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Don't look for unicorns, build a data science team

Thor Olavsrud | Dec. 4, 2015
Bob Rogers, chief data scientist with Intel's Big Data Solutions, says that rather than seeking out rare individuals who excel in all the areas that encompass data science, CIOs should build data science teams with complementary talents.

"In fact, we're looking for all kinds of skills and backgrounds as we look to build our team at Intel — from programmers to those with creativity, curiosity and those with great communication skills," he adds. "It's rare to find a "data unicorn" that can do it all, and we're not spending our time recruiting for such a talent. We build out teams to reflect a variety of backgrounds and experience, which brings greater insight to our data analytics work."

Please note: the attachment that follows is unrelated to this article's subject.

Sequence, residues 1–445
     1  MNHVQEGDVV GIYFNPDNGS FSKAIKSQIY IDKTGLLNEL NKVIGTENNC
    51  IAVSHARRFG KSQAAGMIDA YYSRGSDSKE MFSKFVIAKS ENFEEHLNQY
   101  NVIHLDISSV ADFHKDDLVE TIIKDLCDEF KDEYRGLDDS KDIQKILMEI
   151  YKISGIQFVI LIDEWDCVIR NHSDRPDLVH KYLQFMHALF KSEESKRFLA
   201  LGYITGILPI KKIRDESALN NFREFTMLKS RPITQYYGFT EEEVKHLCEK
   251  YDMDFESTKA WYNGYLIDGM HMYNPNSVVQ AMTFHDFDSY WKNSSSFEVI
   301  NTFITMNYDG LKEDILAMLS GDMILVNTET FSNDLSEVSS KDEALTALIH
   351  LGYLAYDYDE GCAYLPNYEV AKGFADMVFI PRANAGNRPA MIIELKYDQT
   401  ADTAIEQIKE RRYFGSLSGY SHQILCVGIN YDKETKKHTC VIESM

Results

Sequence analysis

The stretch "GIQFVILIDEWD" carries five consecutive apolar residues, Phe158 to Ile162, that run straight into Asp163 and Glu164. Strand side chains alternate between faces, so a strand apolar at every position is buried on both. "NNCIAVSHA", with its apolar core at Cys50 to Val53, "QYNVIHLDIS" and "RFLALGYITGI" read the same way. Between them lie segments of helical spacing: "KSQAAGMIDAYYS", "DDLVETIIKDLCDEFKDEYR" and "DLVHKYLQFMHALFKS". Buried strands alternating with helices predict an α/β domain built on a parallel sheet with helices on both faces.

Getting hands dirty with data

Because there's no one-size-fits-all path to becoming a data scientist, it can be difficult to identify good candidates. Rogers' advice is to look for individuals that can show their mettle by getting their hands on a data set — perhaps from Kaggle, DataKind or the government — building up a data analytics environment and telling a story with that data. And individuals interested in pursuing data science should take it upon themselves to seek out data sets to work with.

"Get your hands on data and do something with it," he says. "There are big data sets out there, some of them sufficiently ugly enough to give you some real experience working with data. Take a big data set, put it into an environment where you can really do something with it and answer a simple question. You don't need to do anything too technically crazy. When you work with data that's messy, you start to see where data sets go wrong. That is the moment you start to speak the data scientists' language."


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